After listening to many inspiring (some more than others) lectures at the 2013 Oregon Wine Industry Symposium, I have come away with one prevalent lesson; you must be able to tell a story. Impress people, make them curious, awe them. These things are done through innovation and good story-telling.
In all the branding and marketing sessions, everyone emphasized that one of the biggest indicators of the success or failure of a brand lies in whether or not you can tell a story. Your brand must tell a story, must have a history and must engage people. That could range anywhere from inspiring your audience with your story, making your website more interactive or putting a digitally interactive table in your wine tasting room.
One particularly impressive lecture featured Jack Anderson, from Hornall Anderson, who discussed bringing brands back to life. He spoke about getting people excited, getting people to ask questions about the brand, getting people to enjoy learning more about your brand and essentially getting people to pick up your product. Some of the things they do are truly innovative, such as a light-up ping pong table and a smartphone app that can scan the labels of juice and pull up a short video telling the story of that juice. Lectures like that, wherein I see something new and original, something I’ve never seen before, make everything else worth it.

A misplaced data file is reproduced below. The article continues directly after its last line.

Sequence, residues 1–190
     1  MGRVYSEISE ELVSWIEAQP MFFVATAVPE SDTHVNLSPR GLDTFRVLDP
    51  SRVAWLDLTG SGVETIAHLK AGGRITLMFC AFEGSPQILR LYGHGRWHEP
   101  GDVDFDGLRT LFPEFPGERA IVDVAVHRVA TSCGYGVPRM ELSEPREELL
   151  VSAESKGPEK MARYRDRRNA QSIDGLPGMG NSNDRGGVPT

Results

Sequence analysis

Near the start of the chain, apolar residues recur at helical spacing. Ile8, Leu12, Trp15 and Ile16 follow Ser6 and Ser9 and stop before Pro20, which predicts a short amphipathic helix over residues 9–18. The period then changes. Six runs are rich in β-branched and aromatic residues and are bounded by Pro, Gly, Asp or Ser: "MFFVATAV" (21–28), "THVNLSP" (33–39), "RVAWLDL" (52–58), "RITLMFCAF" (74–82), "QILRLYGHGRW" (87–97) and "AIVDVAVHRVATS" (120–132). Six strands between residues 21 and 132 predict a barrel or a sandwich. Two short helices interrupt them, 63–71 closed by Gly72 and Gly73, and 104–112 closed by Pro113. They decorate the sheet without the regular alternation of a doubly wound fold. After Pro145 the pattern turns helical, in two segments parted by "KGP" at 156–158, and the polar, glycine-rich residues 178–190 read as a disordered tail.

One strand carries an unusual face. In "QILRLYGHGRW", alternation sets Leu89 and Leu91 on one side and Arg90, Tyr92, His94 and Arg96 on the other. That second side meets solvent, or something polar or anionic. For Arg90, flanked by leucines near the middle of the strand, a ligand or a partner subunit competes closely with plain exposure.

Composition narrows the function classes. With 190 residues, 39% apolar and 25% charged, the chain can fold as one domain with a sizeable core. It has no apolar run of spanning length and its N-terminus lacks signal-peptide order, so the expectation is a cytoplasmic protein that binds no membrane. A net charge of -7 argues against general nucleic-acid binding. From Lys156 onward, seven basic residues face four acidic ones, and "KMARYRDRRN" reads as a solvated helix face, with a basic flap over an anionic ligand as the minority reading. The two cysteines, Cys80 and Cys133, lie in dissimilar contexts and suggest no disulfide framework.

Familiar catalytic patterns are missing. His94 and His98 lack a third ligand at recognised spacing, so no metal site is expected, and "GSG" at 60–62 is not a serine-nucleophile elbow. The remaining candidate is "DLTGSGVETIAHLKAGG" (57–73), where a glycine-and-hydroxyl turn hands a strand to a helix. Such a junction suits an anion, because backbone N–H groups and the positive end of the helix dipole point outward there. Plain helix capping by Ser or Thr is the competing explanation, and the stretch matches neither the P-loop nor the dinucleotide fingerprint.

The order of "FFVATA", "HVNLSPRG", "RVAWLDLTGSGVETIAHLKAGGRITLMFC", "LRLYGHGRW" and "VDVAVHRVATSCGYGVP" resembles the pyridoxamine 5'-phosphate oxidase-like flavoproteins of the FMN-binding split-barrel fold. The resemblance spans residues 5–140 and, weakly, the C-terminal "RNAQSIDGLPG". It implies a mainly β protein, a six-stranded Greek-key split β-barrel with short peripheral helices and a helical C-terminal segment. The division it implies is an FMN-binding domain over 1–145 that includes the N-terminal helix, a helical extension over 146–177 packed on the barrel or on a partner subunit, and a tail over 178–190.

I always think the point of these conferences is to learn something new. Many of the lectures I’ve seen are simply reminders of common sense (ex. “Get people to believe in your brand,” “price points are important,” etc.), but the things I saw in that lecture were concepts I would have never come up with on my own. That is the value of these symposiums–to be awed and impressed.
Of course, it is important to make connections, to see the other players on your chessboard and to see the different service companies you may use (for example, we browsed all the different glass suppliers at the trade show), but the most important thing is to walk away with an idea in your head that you would not have come up with without the inspiration.